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U.S. Securities and Exchange Commission

Speech by SEC Staff:
Remarks to Criminal Law Group of the UJA-Federation of New York


Robert S. Khuzami, Director, Division of Enforcement

U.S. Securities and Exchange Commission

New York City
June 1, 2011


I recall like it was yesterday those lunchtime trial advocacy training sessions at the U.S. Attorney's Office, where I first learned about the rule of primacy — start your jury addresses on a high note, with the big-impact stuff up front, really begin with a bang.

So, just to show you I haven't forgotten those lessons, let me start by saying that my comments here today are mine and mine alone, and do not represent the views of the SEC, the Commissioners or the staff.

Defining the Problem

I just finished reading James Stewart’s new book, “Tangled Web.” He details high-profile cases of lying, including those of Martha Stewart and Bernie Madoff. His conclusion?

There is an “epidemic of perjury and false statements occurring at the highest levels of business, politics, sports and culture.” Our own Jim Comey, former Deputy Attorney General, describes perjury and obstruction as “nearing crisis [levels].”

Stewart’s book caused me to think about some of the episodes of questionable tactics by defense counsel in SEC investigations that have crossed my desk, and whether they are on the rise as well.

I’m not sure if there has been an increase, but too frequently we see defense counsel behavior that is questionable, or worse.

This includes, in no particular order:

  • Multiple representations of witnesses with what appear to be adverse interests;
  • Multiple witnesses represented by the same counsel who all adopt the same implausible explanation of events;
  • Witnesses who answer “I don’t recall” dozens and dozens of times in testimony, sometimes hundreds of times, including in response to questions about basic and uncontroverted facts documented in their own writings;
  • Counsel signaling to clients during testimony; and
  • Questionable tactics in document productions and internal investigations.

Now, this might be a more serious topic than I would otherwise choose, given the number of familiar faces in the audience and the kind words directed my way. But because you represent some of the best and brightest of the white collar and securities enforcement defense bar, this is perhaps exactly the right audience for this issue.

None of you, I’m sure, would engage in the types of questionable conduct that I’ll describe tonight. But, as knowledgeable and experienced members of the white collar bar, I’d like to suggest that you carefully consider these issues so that you can, in the words of the immortal Obi Wan Kenobi, “use your powers for good, not evil.”

I am most decidedly not dismissive of the crucial role played by defense counsel. Counsel are obligated to zealously defend and promote the interests of their clients, particularly when faced with the life-altering consequences of an SEC enforcement proceeding.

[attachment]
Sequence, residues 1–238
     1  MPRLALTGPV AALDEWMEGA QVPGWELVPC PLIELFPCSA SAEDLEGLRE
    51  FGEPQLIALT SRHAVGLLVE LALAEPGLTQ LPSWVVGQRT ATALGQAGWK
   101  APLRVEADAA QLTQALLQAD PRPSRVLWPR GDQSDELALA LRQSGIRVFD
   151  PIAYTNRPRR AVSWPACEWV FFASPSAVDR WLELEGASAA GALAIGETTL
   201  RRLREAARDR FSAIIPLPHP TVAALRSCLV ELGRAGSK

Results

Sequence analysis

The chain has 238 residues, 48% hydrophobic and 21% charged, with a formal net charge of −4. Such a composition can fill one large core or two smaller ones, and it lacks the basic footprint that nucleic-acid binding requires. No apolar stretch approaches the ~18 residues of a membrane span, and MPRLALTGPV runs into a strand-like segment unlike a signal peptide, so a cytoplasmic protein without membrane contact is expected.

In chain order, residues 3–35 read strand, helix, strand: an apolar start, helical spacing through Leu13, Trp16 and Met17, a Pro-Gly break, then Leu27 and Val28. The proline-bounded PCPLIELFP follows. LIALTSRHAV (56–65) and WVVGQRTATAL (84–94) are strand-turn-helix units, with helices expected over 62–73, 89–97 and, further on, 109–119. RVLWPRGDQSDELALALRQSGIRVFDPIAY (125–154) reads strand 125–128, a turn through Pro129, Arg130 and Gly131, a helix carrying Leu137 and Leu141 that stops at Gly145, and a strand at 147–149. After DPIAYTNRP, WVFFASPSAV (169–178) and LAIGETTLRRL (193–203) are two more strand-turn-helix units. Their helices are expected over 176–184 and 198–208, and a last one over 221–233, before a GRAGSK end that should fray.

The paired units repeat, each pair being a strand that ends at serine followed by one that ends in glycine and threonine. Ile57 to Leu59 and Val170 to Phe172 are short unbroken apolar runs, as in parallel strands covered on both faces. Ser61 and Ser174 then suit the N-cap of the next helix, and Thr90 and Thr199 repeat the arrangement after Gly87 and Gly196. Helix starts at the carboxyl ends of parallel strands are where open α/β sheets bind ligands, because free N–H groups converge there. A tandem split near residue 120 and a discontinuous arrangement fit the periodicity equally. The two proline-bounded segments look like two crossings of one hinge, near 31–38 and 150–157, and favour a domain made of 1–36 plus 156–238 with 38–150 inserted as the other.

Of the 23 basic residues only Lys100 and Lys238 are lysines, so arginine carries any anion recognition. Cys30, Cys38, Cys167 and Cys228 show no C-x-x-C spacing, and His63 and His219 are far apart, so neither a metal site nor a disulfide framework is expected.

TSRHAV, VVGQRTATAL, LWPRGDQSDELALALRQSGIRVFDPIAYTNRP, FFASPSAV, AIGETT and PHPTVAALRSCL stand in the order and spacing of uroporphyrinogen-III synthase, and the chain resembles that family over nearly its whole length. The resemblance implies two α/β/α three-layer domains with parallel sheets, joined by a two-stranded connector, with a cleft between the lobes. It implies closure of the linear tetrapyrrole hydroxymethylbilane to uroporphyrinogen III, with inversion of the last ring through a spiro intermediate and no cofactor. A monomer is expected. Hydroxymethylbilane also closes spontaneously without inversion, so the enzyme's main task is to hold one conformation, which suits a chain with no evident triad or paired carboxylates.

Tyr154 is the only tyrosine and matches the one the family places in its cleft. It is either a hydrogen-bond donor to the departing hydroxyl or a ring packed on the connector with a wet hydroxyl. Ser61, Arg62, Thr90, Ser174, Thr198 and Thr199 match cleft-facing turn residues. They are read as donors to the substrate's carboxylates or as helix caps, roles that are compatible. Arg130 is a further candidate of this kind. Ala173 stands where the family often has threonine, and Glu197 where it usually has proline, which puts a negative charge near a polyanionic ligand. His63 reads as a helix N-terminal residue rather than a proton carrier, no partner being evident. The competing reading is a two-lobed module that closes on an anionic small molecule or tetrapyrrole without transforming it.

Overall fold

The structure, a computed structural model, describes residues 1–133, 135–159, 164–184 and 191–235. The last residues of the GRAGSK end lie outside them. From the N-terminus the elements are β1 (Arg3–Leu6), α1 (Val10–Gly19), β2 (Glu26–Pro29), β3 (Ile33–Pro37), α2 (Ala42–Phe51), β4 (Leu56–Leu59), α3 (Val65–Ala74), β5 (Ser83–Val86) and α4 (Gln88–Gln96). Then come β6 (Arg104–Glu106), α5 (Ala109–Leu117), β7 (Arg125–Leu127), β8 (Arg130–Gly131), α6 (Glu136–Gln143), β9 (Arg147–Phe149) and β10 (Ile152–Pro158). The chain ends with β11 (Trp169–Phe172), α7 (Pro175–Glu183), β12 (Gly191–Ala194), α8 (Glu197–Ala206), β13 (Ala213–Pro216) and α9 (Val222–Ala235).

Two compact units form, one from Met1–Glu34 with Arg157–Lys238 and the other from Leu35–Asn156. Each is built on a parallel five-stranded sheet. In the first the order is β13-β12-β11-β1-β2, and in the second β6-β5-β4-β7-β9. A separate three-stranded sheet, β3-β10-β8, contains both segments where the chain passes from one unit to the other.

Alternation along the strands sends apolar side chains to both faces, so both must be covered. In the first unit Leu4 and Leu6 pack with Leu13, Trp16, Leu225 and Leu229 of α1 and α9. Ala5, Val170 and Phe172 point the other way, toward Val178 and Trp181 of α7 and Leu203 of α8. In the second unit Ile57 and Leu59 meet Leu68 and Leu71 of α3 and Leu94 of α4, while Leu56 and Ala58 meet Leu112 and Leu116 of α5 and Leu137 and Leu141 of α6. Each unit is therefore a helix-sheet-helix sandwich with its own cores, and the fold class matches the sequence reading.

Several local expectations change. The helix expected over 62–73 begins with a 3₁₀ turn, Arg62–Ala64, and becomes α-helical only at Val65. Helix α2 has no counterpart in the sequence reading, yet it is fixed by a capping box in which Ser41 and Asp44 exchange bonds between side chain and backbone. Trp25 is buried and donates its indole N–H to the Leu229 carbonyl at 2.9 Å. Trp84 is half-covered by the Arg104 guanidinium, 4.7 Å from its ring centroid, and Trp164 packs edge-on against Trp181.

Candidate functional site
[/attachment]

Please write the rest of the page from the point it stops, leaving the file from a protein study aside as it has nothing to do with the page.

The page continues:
The fact that there are many defense lawyers who are zealous and aggressive, yet also successful with the SEC on behalf of their clients, demonstrates that we value effective counsel. Indeed, the opposing narrative provided to us by good defense lawyers helps us to make fair and informed enforcement decisions.

There also is the view that, as sovereign, the SEC should not be distracted by questionable defense practices, even those perilously close to the line, but rather should focus only on the objective evidence regardless of the externalities like the conduct of counsel.

That we should, in short, stay above the fray. That may be true, up to a point.

But the Enforcement Division cannot remain passive when confronted with conduct that frustrates our investigations.

It’s difficult, and often impossible, for government to timely detect frauds perpetrated with management collusion, particularly in the early stages, and dilatory or obstructive conduct only increases that difficulty.

Such tactics also cause substantial delay and increased expense as our investigative plans must be altered or extended, and we have to seek other, more costly alternative ways to secure the evidence improperly denied to us.

More broadly, when the truth-seeking function of the investigative process is corrupted, the wrongdoers may not be held fully accountable for their unlawful conduct, and injustice results. Law-abiding citizens reconsider their own decisions to live within the law, or at a minimum become increasingly cynical and skeptical about the government’s ability to deliver on its obligations under the social compact.

And clearly the last thing anyone needs, especially now, is more cynicism about any of our institutions, be they business, legal or the SEC.

Multiple Representations

So what do we see in the Enforcement Division that concerns us?

Multiple representations remain fairly common, both involving the company and individual employees, as well as among groups of individuals.

In many cases, there is no problem presented by multiple representations — such as when one lawyer or one firm represents employees who are purely witnesses with no conflicting interests or material risk of legal exposure.

But we have seen cases where the same counsel represented both the company and over 30 employees, in another the company and over 20 individuals, all where there was a real potential that some of those persons faced material legal exposure.

There also are numerous examples of defense counsel representing multiple individuals with seemingly divergent interests.

We have seen counsel represent both the supervisor and the person he supervised in a “failure to supervise” case.

In another case, a lawyer represented himself, the alleged wrongdoer and the principal investor, who testified that he was not concerned that he had invested almost his whole net worth with an individual who had multiple felony convictions.

It is worth noting that the SEC’s new Cooperation Program raises the stakes in multiple representation situations. The Program, announced by the Commission in January 2010, provides for reduced sanctions, or even no sanctions, in exchange for truthful and substantial assistance in an SEC investigation.

This increases the likelihood that one counsel cannot serve the interests of multiple clients, given the real benefits that could result from cooperation, such as one client testifying against another client represented by the same counsel.